“Aircrew are considered essential workers as they perform an important role of keeping the world connected and enable the global air transport supply chain to function. We hope the government will also prioritize aviation workers for access to vaccination once health care workers, the elderly and vulnerable groups have been vaccinated. Those vaccinated, both passengers and crew, should be exempted from measures and requirements,” it added.

Under current rules, Hong Kong-based crews are screened upon arrival and must stay in a hotel for 24 hours while they wait for their results. Foreign crew members must isolate in hotel rooms throughout their stay and test negative for COVID-19 before departure.

Crews who have been to the United Kingdom, Ireland, Brazil or South Africa, where more contagious COVID strains have emerged, are required to spend three weeks in quarantine. 

Last summer, FedEx pilots asked the company to suspend flights to Hong Kong over strict quarantine measures for crews that test positive, citing unsatisfactory hospital conditions. Invasive COVID testing also led United Airlines and American Airlines to temporarily suspend operations in Hong Kong, including cargo-only flights in July. United subsequently moved crew changes to Tokyo and Guam. 

UPS denied a request from its pilots’ union for crew members to refuse Hong Kong missions. Pilots can only get out of an assignment if they are able to find someone willing to trade.

UPS (NYSE: UPS) has no pilots domiciled in Hong Kong, so it is not impacted by the pending health measures. It tests pilots prior to overseas departure and takes them off work if they are positive to avoid existing quarantine rules. 

FedEx pilots list complaints

Meanwhile, the union representing FedEx pilots raised a series of concerns about the COVID situation and other conditions with management last Friday, according to an outline of talking points posted on its Twitter account.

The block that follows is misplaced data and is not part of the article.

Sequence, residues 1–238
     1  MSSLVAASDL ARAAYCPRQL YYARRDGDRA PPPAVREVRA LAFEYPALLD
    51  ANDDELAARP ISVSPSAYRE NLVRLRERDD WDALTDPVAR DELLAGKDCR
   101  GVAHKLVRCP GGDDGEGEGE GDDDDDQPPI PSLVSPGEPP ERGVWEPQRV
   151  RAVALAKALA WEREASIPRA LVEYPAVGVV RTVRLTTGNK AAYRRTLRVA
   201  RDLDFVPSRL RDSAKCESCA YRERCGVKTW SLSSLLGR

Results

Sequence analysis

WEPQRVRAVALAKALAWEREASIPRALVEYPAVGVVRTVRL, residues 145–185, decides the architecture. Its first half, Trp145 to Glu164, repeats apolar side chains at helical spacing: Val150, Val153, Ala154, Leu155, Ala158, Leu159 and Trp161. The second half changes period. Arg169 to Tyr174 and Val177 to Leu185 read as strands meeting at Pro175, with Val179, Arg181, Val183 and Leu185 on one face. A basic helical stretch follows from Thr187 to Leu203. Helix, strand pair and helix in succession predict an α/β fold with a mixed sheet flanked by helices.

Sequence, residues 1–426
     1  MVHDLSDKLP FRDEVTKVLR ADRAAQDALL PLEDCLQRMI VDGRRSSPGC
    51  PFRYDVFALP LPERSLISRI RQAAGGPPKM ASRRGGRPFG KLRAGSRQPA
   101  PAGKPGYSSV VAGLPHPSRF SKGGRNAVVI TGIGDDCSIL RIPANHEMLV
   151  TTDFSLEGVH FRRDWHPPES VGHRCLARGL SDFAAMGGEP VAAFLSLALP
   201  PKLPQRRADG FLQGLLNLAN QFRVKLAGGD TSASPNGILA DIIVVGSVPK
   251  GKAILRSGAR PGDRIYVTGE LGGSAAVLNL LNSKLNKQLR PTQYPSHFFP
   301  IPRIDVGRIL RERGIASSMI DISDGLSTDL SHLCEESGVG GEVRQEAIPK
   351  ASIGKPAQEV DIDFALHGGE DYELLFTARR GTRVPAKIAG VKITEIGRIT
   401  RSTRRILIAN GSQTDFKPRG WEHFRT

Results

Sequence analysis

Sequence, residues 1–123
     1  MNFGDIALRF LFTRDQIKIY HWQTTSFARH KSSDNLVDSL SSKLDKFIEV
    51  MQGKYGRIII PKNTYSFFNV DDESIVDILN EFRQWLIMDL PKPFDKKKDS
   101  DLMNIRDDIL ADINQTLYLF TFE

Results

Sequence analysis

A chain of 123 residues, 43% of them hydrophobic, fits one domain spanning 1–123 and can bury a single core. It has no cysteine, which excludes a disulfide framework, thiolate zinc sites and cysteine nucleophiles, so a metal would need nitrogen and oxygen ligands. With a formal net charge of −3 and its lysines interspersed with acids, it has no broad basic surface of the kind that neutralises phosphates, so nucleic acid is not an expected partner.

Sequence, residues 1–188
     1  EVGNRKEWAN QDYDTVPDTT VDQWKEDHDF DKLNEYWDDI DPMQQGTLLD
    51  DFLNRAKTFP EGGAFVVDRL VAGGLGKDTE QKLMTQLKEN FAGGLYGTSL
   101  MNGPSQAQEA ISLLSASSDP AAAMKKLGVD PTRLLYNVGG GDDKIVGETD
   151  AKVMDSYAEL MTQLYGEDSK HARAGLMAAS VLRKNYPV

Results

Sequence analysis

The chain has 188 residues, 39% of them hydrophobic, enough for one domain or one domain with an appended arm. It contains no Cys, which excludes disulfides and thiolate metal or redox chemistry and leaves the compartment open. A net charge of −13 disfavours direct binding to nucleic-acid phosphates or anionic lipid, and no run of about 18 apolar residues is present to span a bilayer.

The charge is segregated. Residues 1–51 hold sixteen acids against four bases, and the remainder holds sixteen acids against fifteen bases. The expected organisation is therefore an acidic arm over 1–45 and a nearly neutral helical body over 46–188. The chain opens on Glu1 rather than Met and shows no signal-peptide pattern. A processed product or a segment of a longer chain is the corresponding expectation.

The FedEx Master Executive Council, part of the Air Line Pilots Association, expressed frustration with the ongoing risk of Hong Kong authorities placing pilots who layover in a quarantine camp. Pilots oppose overnight stays in Hong Kong and expressed concern “that the lack of readiness to medivac” a COVID-positive pilot “is unacceptable as well.”

The union also complained that pilots with rest stays in Guangzhou are not able to sleep properly because of the inability to control the temperature in their rooms, which can exceed 80 degrees Fahrenheit, it said. 

Click here for more FreightWaves/American Shipper stories by Eric Kulisch.

Recommended Reading:

UPS pilots want more COVID testing as infections spike

UPS pilots seek option to refuse Hong Kong missions

FedEx pilots urge company to suspend Hong Kong flights over COVID mandates

Getting crews on and off ships and airplanes

US denies China extra passenger flights

Tensions ease between US, China over airline flights

Eric Kulisch

Eric is the Supply Chain and Air Cargo Editor at FreightWaves. An award-winning business journalist with extensive experience covering the logistics sector, Eric spent nearly two years as the Washington, D.C., correspondent for Automotive News, where he focused on regulatory and policy issues surrounding autonomous vehicles, mobility, fuel economy and safety. He has won two regional Gold Medals and a Silver Medal from the American Society of Business Publication Editors for government and trade coverage, and news analysis. He was voted best for feature writing and commentary in the Trade/Newsletter category by the D.C. Chapter of the Society of Professional Journalists. He won Environmental Journalist of the Year from the Seahorse Freight Association in 2014 and was the group's 2013 Supply Chain Journalist of the Year. In December 2022, he was voted runner up for Air Cargo Journalist by the Seahorse Freight Association. As associate editor at American Shipper Magazine for more than a decade, he wrote about trade, freight transportation and supply chains. Eric is based in Portland, Oregon. He can be reached for comments and tips at [email protected]